How can psychotherapy and counselling help with depression?
When suffering from depression we can feel very alone but in fact it is one of the most common, increasingly so, mental health conditions of our time.
We can feel ashamed of not feeling brighter, more positive, more able to help ourselves but this only compounds how awful it feels. Speaking to someone about how you feel whether a GP or finding someone to talk to in more depth, like a therapist or counsellor, is proven to be able to provide relief and over time may help you to move on from feeling so desperately low. Finding the courage to take the first step is not easy, but can be the first step towards a happier state of mind.
What is depression?
Feeling sad, particularly after a loss, set-back or separation is difficult but usually these feelings pass. Feelings which come and go like this are not depression, just a usual part of life and to be expected. Depression usually occurs over far longer periods – weeks or months.
How can therapy help?
Psychotherapy offers relief to sufferers of depression in that it provides a safe non-judgemental space in which to confide in someone as to how you are really feeling. Putting on a brave face to the outside world or taking refuge in withdrawing from people instead is exhausting and isolating.
Secondly, as you talk about how you feel the therapist may be able to help you think about not only the conscious reasons as to why you feel this way, but the hidden unconscious ones of which you may not be aware – this is where the treatment differs from CBT, and why it is more “in-depth” and long-lasting in terms of the change it can bring about.
Working through these complex feelings, the ones that have led to you feeling depressed, by talking about them can provide relief allowing you to resume life with a more hopeful outlook, more realistic sense of self-esteem and re-connecting you with others around you.
What is the research evidence for psychotherapy in the case of depression?
These are a couple of the headline findings from the recent Tavistock Adult Depression Study, a long-running trial from 2002 to 2011, which examined whether psychoanalytic psychotherapy helped adults suffering from chronic depression who had not been helped by NHS treatments such as anti-depressants or short courses of CBT:
44 per cent of the patients given 18 months of psychoanalytic psychotherapy no longer had major depressive disorder when followed up 2 years after the therapy had ended, compared with 10 per cent of those receiving current NHS treatments.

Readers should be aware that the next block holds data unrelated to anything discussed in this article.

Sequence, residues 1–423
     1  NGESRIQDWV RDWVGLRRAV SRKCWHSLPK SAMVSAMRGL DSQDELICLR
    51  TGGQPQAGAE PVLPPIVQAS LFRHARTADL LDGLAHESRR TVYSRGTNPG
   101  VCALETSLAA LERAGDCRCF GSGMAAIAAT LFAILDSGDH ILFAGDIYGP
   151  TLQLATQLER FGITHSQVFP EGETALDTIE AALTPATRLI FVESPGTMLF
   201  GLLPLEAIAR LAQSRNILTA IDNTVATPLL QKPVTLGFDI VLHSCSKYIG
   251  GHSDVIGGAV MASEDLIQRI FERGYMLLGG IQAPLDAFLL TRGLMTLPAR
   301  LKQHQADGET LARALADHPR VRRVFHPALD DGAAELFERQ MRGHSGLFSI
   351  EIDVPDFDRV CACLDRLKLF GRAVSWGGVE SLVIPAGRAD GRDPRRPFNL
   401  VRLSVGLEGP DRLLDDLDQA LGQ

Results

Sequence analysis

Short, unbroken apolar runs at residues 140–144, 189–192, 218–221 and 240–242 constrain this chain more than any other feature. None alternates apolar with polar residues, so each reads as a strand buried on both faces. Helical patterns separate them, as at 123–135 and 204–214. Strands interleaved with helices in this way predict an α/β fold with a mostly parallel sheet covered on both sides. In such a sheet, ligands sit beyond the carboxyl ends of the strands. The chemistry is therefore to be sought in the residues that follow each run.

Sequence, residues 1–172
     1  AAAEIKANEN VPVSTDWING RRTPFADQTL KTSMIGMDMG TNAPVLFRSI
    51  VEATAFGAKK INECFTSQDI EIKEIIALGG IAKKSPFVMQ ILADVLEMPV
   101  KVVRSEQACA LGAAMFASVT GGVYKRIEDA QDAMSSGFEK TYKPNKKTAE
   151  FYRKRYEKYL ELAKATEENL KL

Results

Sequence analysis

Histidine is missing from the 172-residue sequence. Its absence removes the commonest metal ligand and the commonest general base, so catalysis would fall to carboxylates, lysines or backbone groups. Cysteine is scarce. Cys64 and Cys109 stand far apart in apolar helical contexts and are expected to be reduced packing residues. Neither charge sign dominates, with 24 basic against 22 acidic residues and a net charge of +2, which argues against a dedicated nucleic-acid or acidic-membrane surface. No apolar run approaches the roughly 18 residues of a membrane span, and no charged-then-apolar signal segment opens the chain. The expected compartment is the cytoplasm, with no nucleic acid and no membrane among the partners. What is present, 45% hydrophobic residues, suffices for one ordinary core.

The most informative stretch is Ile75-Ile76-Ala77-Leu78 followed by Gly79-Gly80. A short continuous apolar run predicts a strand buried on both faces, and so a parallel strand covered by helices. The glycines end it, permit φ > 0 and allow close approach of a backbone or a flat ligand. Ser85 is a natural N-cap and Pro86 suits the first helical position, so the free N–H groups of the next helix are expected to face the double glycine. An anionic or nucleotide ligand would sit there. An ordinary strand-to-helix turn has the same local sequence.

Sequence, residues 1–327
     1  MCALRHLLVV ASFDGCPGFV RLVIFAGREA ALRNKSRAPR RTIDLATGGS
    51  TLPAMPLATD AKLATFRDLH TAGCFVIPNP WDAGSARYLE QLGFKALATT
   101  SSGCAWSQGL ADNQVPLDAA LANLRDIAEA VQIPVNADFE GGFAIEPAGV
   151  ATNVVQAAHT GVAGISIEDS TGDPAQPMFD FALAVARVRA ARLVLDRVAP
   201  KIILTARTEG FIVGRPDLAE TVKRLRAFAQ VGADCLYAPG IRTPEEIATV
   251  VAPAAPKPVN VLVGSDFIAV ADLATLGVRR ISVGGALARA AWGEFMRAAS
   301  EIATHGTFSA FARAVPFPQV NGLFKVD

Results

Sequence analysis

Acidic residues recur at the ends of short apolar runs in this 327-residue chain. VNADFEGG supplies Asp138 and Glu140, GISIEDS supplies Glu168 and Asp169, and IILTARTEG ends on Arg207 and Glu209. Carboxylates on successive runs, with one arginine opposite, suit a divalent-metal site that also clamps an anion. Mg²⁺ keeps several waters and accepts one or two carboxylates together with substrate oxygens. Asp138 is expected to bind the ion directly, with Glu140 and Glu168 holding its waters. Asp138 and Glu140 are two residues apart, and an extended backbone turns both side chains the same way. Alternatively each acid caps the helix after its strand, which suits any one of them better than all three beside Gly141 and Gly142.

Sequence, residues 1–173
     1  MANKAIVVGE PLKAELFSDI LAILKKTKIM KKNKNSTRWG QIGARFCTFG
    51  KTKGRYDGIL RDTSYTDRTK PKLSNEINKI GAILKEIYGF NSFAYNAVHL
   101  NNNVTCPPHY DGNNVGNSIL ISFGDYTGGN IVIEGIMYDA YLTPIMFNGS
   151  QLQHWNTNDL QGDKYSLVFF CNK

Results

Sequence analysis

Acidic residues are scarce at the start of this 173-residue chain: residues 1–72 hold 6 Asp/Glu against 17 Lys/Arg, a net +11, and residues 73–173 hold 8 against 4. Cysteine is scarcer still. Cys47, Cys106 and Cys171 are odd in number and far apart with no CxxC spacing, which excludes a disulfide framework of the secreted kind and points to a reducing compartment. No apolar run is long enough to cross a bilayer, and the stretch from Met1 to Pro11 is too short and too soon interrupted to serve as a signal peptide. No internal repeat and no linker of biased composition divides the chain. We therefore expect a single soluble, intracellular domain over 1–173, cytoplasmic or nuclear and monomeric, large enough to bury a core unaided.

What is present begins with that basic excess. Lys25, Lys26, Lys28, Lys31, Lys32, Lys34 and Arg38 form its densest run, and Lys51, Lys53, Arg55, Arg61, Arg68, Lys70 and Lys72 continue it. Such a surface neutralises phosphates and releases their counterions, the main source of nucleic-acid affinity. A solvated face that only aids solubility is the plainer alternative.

Those receiving psychotherapy saw significantly more benefits to their quality of life, general well-being and social and personal functioning.
The article Therapy Wars, a Long Read from The Guardian is very long, but provides an interesting account of the evidence base for both Psychotherapy and CBT in the case of depression.
If you'd like to make an appointment to talk about depression or any other problems please feel free to make contact below
How may people with depression feel?
- sad, lethargic and with little energy
- critical of yourself or that you have failed in some way
- you might find little pleasure in everyday things
- you could feel very stuck in these feelings and that you can’t see a way out
- you might feel that life is not worth living, you might have suicidal feelings
If you do feel suicidal there are places to turn to for immediate help: don't hesitate to contact your local A&E dept., your GP or The Samaritans.
What kind of treatments are there?
The NHS currently prescribes various anti-depressants, which may improve low mood by increasing levels of a group of chemicals in the brain called neurotransmitters. There are many different types of anti-depressants and sometimes it takes a while to find the right ones for you. There is no reason why you cannot take anti-depressants at the same time as trying a Talking Therapy such as psychotherapy, in fact this may be recommended for serious cases of persistent depression.
GPs may also offer you Cognitive Behavioural Therapy or CBT. This is a short-term counselling treatment working with conscious thoughts – often repetitive negative ones – that may help you gain more control over how you see yourself and how you negotiate life. CBT usually lasts 6 weeks.
Click here to read how anxiety differs from depression and how therapy can help.